For both males and females, the fear of disease was the major motivation for perceiving HBT positively. This result was understandable since HBT is a protection measure during the pandemic period.
The findings on factors associated with the perception highlight that the family responsibilities for females, typically represented by caring children, seemed considerably heavier, thereby influencing negatively their perception. Males, meanwhile, would not be affected much by family duties because they focused mainly on working issues. The support of males given to females regarding household chores may increase [65]; however, it would be small compared with the increasing levels of family tasks during the social distancing time. In this sense, this study confirms the unbalanced reorganization of care against women during the COVID-19 era [64], thereby inducing the increased gender inequality.
As regards the preference for HBT post-COVID-19, males without a qualification or that were an undergraduate usually had jobs/positions inappropriate for teleworking (e.g., blue-collar workers). Therefore, they were less likely to show a preference for further HBT. While the perception of HBT had a positive association with the preference for further HBT for males, the same was not true for females, for whom age and children in their household were determinants. Middle-aged female teleworkers were more likely to have a positive perception but less likely to have a positive preference. The possible explanation is that females aged 31–45, after a period of working from a younger age, would like to demonstrate their competence, attain career promotion, and higher salary; however, HBT is claimed as a possible reason for fewer opportunities for career promotion [66] and salary growth [67]. Children were a source of distraction when staying at home for female teleworkers; thus, being a negative factor of the perception. Nevertheless, the burden of looking after and satisfying their demand (e.g., chauffeuring), with which mothers usually are charged in their families [68], leads females to support the further development of HBT post-COVID-19. The longer the commute distance the higher likelihood for females of agreeing with the promotion of HBT, possibly because female teleworkers usually took account of combining the routes to the workplace and to their children’s schools. This finding was in line with the conclusion that women, because of their dual roles of wage earner/homemaker, are more sensitive to home-work distance than men [69]. Another possible reason could be that compared with men, women tend to put more focus on risks (e.g., traffic, environmental hazards) [70] that may increase with the home-work distance.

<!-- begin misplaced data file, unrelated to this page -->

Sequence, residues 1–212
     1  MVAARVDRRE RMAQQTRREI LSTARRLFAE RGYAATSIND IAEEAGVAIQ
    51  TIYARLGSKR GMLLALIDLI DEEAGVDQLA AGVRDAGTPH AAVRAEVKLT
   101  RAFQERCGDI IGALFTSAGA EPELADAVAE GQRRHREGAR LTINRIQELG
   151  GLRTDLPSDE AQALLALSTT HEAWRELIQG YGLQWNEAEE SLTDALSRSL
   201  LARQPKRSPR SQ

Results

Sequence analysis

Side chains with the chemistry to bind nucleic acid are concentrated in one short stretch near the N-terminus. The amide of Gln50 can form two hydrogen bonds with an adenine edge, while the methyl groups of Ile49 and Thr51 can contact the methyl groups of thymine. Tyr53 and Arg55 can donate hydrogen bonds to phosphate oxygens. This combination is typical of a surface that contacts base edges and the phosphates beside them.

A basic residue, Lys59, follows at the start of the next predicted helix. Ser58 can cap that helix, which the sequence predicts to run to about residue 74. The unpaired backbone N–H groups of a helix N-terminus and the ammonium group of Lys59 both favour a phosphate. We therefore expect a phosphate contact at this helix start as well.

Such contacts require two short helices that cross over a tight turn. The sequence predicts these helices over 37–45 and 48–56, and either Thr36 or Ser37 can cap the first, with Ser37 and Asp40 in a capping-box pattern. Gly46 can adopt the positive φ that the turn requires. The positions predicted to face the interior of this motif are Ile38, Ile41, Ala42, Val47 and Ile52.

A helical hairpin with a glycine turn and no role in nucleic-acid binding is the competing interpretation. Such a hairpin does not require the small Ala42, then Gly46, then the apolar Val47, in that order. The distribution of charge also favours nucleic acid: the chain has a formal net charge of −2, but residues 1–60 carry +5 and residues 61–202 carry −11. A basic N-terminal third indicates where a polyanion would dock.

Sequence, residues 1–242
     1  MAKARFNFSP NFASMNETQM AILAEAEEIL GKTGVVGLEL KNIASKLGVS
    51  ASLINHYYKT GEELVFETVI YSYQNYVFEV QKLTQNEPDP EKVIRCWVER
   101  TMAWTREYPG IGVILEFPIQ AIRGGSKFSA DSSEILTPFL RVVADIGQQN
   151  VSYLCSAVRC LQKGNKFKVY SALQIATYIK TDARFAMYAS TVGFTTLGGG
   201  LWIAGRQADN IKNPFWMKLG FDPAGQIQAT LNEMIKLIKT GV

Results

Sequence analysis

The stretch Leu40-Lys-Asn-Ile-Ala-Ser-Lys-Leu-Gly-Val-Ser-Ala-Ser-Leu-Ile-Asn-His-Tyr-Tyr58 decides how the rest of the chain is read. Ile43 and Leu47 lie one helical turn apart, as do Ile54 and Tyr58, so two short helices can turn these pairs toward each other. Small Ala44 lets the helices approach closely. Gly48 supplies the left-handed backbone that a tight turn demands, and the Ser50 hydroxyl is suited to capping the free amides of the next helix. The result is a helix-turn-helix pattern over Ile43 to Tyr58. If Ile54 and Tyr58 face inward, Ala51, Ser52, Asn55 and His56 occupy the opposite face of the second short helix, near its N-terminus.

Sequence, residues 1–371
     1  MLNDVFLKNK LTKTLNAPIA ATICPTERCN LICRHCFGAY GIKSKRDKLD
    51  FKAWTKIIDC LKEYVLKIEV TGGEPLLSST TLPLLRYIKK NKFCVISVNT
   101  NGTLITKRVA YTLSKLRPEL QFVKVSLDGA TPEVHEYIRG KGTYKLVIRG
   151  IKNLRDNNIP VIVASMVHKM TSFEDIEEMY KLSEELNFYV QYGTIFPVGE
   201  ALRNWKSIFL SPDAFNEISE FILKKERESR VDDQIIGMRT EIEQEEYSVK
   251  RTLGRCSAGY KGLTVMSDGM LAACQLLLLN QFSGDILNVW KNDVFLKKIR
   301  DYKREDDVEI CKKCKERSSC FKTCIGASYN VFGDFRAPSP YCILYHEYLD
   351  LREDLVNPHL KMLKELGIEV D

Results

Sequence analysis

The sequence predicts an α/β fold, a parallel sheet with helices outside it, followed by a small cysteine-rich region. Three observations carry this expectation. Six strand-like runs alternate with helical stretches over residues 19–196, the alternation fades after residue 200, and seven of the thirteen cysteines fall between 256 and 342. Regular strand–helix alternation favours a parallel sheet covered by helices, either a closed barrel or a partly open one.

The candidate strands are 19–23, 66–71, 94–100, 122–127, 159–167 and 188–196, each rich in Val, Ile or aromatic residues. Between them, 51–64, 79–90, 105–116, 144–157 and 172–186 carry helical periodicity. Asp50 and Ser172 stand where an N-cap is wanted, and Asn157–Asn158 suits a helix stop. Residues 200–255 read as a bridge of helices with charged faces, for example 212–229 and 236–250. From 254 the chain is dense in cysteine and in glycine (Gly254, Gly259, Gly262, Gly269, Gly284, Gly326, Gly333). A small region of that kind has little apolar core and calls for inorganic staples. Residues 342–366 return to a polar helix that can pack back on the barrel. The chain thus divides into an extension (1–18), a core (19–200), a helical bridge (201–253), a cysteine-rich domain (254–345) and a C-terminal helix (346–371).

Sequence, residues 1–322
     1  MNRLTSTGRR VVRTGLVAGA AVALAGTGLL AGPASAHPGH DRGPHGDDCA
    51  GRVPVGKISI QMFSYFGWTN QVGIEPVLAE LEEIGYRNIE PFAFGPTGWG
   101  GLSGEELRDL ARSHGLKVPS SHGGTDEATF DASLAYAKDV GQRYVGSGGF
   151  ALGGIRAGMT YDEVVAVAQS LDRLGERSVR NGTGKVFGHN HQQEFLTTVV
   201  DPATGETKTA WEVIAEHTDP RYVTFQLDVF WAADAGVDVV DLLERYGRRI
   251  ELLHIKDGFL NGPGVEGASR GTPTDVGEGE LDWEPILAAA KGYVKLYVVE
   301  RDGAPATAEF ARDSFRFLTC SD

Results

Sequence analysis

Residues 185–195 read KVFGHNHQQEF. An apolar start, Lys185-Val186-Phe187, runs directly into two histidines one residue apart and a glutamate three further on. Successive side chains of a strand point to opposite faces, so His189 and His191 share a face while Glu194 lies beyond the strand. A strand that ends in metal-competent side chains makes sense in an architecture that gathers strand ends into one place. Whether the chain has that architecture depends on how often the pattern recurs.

The effects of attitudinal factors (pleasure at workplace, workaholic, and environmental benefits) on the preference for further HBT were the same for both female and male teleworkers. Both males and females appreciated the environmental benefits of HBT as the air quality in Hanoi improved vastly during the social distancing period [71].
The results of factors correlated to the preference show that for females, the perception of teleworking would not be important for the desire for more HBT. Instead of this, they consider the benefits of teleworking, including having flexible working time to balance work and family tasks, avoiding long commute distances, and reducing exposure to pollution. This highlights the female concern about seeking a measure to deal with their burden, which existed pre-COVID-19. Males, by contrast, probably owing to not being under the same pressure as females, take account of the perception of HBT and working-related attitudes (i.e., workaholic and pleasure at the workplace).
Using the same dataset as this study, [13] provides the general knowledge on factors governing the perception and the preference for HBT but does not show clearly the difference in how these factors affect the attitudes of males compared to females. For example, living with two children increases the likelihood of supporting further HBT post-COVID-19 for teleworkers [13]; yet, this current analysis has found that the above-mentioned children-related finding is true only for female teleworkers but not for male counterparts. This study, therefore, has extended the understanding of the perception, the preference for HBT, and their influential factors during the COVID-19 era.
Based on the discussed-above findings, some brief implications could be derived from this research as follows. First, women once working from home take more household responsibilities, which demonstrates the important role of women in dealing with the aftermath of the pandemic and helping their relatives (e.g., children and husbands) to do so. Unfortunately, females may have a poor experience with HBT due to the increased household-related burden. Hence, it is important to have a comprehensive evaluation of the effects of COVID-19 on women with a focus on psychological pain. Second, females, no matter how they perceived HBT during social distancing, would still believe that HBT is a potential strategy to balance work and family duties. Thus, after COVID-19 is controlled successfully, telework can be enhanced by encouraging female employees to (re-)adopt first. Third, within the following waves of COVID-19 or within the next pandemic period, besides implementing strict non-pharmaceutical interventions, programs supporting women, particularly during the process of HBT, should be considered to be formulated timely and effectively. Fourth, for promoting telework post-COVID-19, the environmental benefits of working at home should be highlighted. All previously mentioned implications and findings would be informative for preparing effective strategies and appropriate responses to mitigate the negative effects of COVID-19 on citizens, especially women in Vietnam and other emerging countries.